Reed Morano: A Celebration of Women Behind the Camera

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by Daniella Duarte, Editorial Staff Writer

reed2This year, we are honoring cinematographer and director Reed Morano as our Woman of the Year for her astonishing body of work, as well as her induction into the legendary cinematographer’s guild, The American Society of Cinematographers. Reed is one of only 14 women of the approximately 350 active members in the organization, and is also youngest member to ever be admitted. Her work includes Little Birds, For Ellen, Kill Your Darlings, The Skeleton Twins, and her upcoming directorial debut, Meadowland, which she also shot.


Among many of Reed’s accomplishments in film, she was honored with the 2011 Kodak Vision Award for cinematography at the Women in Film Crystal + Lucy awards, and in past years has been named one of Variety’s “10 Cinematographers to Watch,” one of’s “American New Wave 25,” and one of five innovative cinematographers in ICG Magazine’s “Generation Next” spotlight. In 2012, Reed’s work was featured in Indiewire’s “On the Rise ’12: 5 Cinematographers Lighting Up Screens in Recent Years” and was named an Indiewire “Heroine of Cinema” twice in 2 years. Some of Reed’s thoughts on the digital revolution and how it has affected filmmaking are featured in Keanu Reeves’ acclaimed documentary Side by Side. She also earned the honor to be featured in Kodak’s long-running OnFilm series.


Still  from “Frozen River”


Still from “For Ellen”

Equally impressive, Reed has become a mainstay of the Sundance Film Festival; Frozen River won the Grand Jury prize at the 2008 Sundance Film Festival and went on to be nominated for two Academy Awards (Best Actress for Melissa Leo and Best Screenplay) and seven Independent Spirit Awards, including Best Picture. The film received critical acclaim with film critic Hiram Lee mentioning “The necessary attention has been paid to seemingly small but ultimately meaningful details, and the camera of Hunt and cinematographer Reed Morano lingers just long enough on the right things—a face, the interactions between two children—to allow us time to think about what’s playing out before our eyes.” Audiences in Park City have also seen the premieres of Little Birds, which competed at the 2011 festival, Shut Up and Play the Hits, a feature-length documentary about the band LCD Soundsystem that premiered at the 2012 festival, and For Ellen, which also debuted at the 2012 festival in the dramatic competition.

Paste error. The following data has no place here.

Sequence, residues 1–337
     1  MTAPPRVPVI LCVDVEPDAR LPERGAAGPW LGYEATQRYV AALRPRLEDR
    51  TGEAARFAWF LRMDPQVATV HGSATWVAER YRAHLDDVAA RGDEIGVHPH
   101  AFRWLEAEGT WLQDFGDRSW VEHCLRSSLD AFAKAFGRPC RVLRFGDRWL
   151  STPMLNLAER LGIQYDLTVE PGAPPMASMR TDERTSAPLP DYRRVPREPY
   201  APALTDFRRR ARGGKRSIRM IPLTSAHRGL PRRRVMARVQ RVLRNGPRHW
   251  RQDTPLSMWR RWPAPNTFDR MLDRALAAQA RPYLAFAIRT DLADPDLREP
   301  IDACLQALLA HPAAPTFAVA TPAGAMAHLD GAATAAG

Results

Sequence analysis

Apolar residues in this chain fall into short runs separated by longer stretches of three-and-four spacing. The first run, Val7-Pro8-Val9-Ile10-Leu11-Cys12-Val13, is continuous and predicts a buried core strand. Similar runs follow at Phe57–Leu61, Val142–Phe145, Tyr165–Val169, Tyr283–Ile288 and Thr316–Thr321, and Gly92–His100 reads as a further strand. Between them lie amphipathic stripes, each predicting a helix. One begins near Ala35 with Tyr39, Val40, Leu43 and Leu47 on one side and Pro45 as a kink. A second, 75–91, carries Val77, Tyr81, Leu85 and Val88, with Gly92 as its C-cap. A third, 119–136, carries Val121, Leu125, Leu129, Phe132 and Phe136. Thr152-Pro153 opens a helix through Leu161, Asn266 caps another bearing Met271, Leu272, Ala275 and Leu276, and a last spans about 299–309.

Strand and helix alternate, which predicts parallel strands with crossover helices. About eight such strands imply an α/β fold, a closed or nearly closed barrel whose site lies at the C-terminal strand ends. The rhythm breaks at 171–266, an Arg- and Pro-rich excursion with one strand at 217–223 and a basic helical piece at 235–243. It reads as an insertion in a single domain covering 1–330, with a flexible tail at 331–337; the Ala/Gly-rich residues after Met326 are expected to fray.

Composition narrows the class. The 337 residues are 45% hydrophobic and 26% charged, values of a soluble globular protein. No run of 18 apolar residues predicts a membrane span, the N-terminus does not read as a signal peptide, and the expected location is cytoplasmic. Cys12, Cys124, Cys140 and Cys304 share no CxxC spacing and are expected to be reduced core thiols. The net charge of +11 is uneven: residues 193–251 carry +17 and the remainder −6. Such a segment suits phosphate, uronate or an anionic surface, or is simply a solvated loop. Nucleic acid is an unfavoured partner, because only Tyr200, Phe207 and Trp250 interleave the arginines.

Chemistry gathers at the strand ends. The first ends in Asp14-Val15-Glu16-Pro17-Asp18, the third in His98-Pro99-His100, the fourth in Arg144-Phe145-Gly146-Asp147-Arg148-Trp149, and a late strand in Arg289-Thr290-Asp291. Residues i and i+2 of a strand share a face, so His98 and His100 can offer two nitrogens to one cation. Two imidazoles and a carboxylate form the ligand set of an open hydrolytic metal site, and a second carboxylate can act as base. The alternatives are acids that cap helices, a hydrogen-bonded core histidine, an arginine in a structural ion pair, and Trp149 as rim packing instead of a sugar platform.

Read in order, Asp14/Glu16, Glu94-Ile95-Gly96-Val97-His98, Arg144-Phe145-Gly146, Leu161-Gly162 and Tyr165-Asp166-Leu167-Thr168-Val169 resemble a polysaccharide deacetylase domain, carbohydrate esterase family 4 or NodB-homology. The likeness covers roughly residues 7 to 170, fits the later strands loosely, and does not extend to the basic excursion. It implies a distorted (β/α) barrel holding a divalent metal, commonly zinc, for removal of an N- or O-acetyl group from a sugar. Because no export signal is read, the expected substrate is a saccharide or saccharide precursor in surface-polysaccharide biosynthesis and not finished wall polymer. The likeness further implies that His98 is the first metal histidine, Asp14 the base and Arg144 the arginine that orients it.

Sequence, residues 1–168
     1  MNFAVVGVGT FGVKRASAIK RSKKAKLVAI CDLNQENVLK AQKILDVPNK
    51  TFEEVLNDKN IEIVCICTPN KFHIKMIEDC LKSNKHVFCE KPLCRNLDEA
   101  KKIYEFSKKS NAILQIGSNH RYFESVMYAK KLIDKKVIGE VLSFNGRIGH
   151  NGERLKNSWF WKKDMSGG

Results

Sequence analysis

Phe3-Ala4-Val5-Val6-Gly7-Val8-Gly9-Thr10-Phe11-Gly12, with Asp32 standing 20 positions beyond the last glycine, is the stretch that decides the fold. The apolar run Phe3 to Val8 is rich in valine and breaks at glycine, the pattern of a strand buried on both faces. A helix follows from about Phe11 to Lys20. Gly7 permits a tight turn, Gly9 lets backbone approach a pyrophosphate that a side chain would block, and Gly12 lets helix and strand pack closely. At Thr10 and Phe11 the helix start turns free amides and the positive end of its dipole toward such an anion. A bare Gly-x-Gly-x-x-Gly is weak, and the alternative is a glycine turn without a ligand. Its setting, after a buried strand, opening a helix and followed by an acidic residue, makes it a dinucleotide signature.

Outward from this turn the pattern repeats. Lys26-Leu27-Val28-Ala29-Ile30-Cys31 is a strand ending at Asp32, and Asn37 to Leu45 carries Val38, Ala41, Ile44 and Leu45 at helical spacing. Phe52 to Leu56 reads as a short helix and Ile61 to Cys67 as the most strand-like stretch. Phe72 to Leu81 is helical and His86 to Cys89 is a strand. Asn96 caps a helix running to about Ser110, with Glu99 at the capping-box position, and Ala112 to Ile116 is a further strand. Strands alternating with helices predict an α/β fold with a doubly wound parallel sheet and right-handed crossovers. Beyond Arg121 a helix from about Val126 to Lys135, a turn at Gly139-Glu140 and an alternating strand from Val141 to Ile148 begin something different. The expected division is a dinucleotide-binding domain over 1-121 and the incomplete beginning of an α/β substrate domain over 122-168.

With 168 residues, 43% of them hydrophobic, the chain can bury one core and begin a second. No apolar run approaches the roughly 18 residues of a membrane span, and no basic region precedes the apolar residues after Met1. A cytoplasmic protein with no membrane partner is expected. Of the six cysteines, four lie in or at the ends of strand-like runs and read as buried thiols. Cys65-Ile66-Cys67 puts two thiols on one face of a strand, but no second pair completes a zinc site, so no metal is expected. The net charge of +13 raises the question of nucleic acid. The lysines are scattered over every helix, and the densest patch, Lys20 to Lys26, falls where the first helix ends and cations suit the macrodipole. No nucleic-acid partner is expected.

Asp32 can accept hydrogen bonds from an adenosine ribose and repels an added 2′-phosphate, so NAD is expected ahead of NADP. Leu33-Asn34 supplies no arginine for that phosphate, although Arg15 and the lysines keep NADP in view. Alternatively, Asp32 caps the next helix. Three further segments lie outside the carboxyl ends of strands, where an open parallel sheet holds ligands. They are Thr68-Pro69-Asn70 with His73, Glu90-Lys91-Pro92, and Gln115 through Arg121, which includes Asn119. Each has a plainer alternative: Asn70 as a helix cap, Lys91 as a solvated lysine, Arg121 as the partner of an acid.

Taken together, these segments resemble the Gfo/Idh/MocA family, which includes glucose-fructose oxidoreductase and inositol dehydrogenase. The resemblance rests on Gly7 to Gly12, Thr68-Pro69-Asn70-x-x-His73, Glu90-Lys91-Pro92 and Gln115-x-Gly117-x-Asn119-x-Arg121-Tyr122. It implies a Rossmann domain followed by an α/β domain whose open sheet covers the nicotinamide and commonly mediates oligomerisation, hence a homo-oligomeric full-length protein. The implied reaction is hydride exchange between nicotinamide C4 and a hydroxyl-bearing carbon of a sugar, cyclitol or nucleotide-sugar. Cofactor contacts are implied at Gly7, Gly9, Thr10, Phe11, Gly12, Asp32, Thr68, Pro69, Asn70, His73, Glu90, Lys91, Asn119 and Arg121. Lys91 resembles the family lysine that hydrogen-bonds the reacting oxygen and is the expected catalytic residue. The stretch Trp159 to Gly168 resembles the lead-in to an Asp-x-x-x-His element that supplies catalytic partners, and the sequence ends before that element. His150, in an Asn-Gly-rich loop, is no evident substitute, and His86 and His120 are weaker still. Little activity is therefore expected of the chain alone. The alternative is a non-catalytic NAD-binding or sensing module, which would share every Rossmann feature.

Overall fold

THE SKELETON TWINS, from left: Bill Hader, Kristen Wiig, 2014. ©Lionsgate/Courtesy Everett

Still from “The Skeleton Twins”

In 2014, audiences were treated to two more of her projects—the hugely successful The Skeleton Twins, a black comedy starring Kristen Wiig and Bill Hader, directed by Craig Johnson and co-written by Mark Heyman (Black Swan), and War Story, a dark drama filmed in Sicily starring Catherine Keener and Sir Ben Kingsley, directed by Mark Jackson (Without). Both of these films premiered at the Sundance Film Festival in 2014. Also released this year were the cult 35mm and 65mm dark drama Autumn Blood, shot in the Tyrolean Alps in Austria, starring Sophie Lowe and Peter Stormare, and Rob Reiner’s latest feature, And So It Goes, starring Michael Douglas and Diane Keaton (her second collaboration with Reiner). In January of 2014, HBO premiered the first season of its new original series, Looking, shot masterfully by Reed and directed by Andrew Haigh (Weekend).


More recently, Reed began production on her first feature as both director and DP (not to mention editor); the dark drama Meadowland features a murderer’s row of talent from Olivia Wilde and Luke Wilson to Giovanni Ribisi and Elisabeth Moss. Moreover, Reed is generously leading the charge on a movement to control motion interpolation AKA “the soap opera effect” on our HDTVs. Reed’s petition is supported by 10,500 signatures and has gained significant momentum, attracting the attention of both the film and technology communities. The petition reflects her passion for the industry, and the value of her work and the work of other DPs.


Fusion greatly admires Reed for her talent, tenacity, and forward-thinking mentality. In a male-dominated industry, she’s more than proven her mettle and integrity, asserting, “I do not want to be treated special or differently because I’m a woman and I’m a DP. That’s what I’ve fought so hard for my entire career. I can do my job just as well as the next guy.” Further proving her commitment to the art, she even filmed Little Birds while seven months pregnant!  Fusion also looks up to Reed because of her familiar origins – she graduated from NYU’s Kanbar Institute in 2000 and accredits much of her young enthusiasm for cinematography to Professors Michael Carmine, David Irving and Rick Litvin. Following graduation, Reed paid it forward as an adjunct cinematography professor, co-instructing the first Advanced Television classes that NYU offered.


Currently, Reed lives in Brooklyn, New York with her husband and two children. Her reel can be found here. We thank Reed for her tremendous dedication to the art and for providing a hugely positive role model.

Congratulations to Fusion’s Woman of the Year, Reed Morano!